Sister Anna Mae Collins, CSJ, retires as principal of Notre Dame

By Katherine Long | Editor

For Sister Anna Mae Collins, CSJ, her path was clear: “I always wanted to be a teacher,” she recalled.

Over more than four decades, Sister Anna Mae’s path brought her from teaching in a classroom in the Southern Tier to serving as a principal in the Mohawk Valley. At the end of this month, that path will lead her to retirement.

But after years of dedicated ministry in Catholic education, Sister Anna Mae’s path won’t end there: She’s going to stay connected to the community at Utica’s Notre Dame Jr./Sr. High School, where she’s served as principal for 12 years, and  she’s looking forward to helping out wherever she’s needed, she said.

“I knew it was time for me to retire from the administration, but it was really not time for me to totally leave education. I couldn’t do that,” she said.

Sister Anna Mae got her start in education when she was still a student herself. “When I was in school, I tutored younger kids,” she told the Sun in a recent phone interview. She enjoyed working with the students and knew that’s what she wanted to do, she said.

Sister Anna Mae entered the Sisters of St. Joseph of Carondelet and pursued a career in education, earning a bachelor’s degree in education and social studies. She taught at St. James School in Johnson City for two years and St. Mary’s School in Clinton for five years before her community asked her to consider pursuing her master’s in administration.

“I thought, ‘I might like to try that,’” she said with a laugh.

Sister Anna Mae went on to serve as principal of St. John the Evangelist School in New Hartford for five years, principal of Notre Dame Junior High North for two years, and assistant principal at Notre Dame Jr./Sr. High School for 16 years before being appointed principal in 2005.

“I’ve enjoyed all of it,” Sister Anna Mae said. As with any job, there were tough things along with great things, but “this ministry has really been a blessing in my life,” she said.

Sister Anna Mae has seen much change in her time in education. She counts the impact of social media as the biggest change, especially at the high school level.

“It’s tough at times to get students to understand that hitting ‘send’ before you really think is not a good thing,” she said.

Of course, advances in technology have had a tremendously positive impact on the school as well, she said, noting that the school has been blessed by donors who have given funds that provided for new laptops, Chromebooks, and wireless internet.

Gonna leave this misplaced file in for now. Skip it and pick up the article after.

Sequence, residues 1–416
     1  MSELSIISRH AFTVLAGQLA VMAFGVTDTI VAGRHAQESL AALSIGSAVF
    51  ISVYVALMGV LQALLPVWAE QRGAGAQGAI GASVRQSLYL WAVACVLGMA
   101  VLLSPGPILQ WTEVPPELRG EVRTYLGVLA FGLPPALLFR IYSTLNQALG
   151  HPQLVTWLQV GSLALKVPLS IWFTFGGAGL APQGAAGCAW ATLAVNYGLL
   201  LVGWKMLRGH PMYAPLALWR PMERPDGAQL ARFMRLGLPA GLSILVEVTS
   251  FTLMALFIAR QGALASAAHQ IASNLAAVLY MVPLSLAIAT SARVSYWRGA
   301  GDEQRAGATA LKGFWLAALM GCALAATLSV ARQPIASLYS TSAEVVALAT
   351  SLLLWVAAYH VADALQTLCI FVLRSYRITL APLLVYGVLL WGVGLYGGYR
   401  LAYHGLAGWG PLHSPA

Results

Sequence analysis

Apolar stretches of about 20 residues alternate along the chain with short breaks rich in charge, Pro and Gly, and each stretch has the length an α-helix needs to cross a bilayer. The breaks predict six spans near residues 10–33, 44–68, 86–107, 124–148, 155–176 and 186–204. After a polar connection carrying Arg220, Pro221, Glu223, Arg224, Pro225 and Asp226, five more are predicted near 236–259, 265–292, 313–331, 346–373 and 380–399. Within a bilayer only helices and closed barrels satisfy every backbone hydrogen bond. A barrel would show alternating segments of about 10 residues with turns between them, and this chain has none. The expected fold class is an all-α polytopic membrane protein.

Generous donors also helped to make the school’s 14,000-square-foot Msgr. Francis J. Willenburg Center for Arts and Athletics a reality.

Construction of the center was funded through a capital campaign launched in 2013. The “best blessing” the school received during the campaign was the Good News Foundation’s $4 million matching grant, Sister Anna Mae explained. Over the past four years, the school has met the challenge, she said, with the first $4 million raised paying for the center and the remaining $4 million going into an endowment fund for tuition support.

Come September, the state-of-the-art facility — complete with stage and basketball court — will be home to the school’s flourishing music, drama, and athletics programs. Sister Anna Mae is proud to see the building complete and ready for students to use.

She’s also proud of Notre Dame’s growing international students program. Going into its fourth year, the program has brought students from China, Vietnam, Egypt, Ghana, Germany, and Spain to study at Notre Dame. Seven of those students have graduated and gone on to study at the schools of their choice in the U.S., Sister Anna Mae said, and the program allows all students to experience new cultures.

Students are the highlights of Sister Anna Mae’s years in Catholic education; her fondest memory is “the joy of watching our students succeed,” she said.

As she looks to the end of her time as principal, Sister Anna Mae offers words of gratitude: “I thank the Notre Dame community, the diocesan school office, and parishes of the area for all their support,” she said.

Jim Jones has known Sister Anna Mae for more than 30 years, and he offers his thanks for her support in that time.

“Her support and her loyalty are second to none,” he said.

Jones first met Sister Anna Mae when he was coaching at Notre Dame. Later, his two daughters were students at the school. Since 2009, he’s been a member of the Notre Dame staff, currently serving as the Director of Enrollment. As a colleague, a parent, and an administrator, Jones got to see many different sides of Sister Anna Mae, he said, and in every case she put Notre Dame’s children and families first and foremost.

“She never lost that focus on what we are, who we are, why we were founded, and how important our mission is to this community,” Jones said.

Ronald R. Spadafora, Jr., will succeed Sister Anna Mae. His tenure as executive principal of Notre Dame begins July 1.

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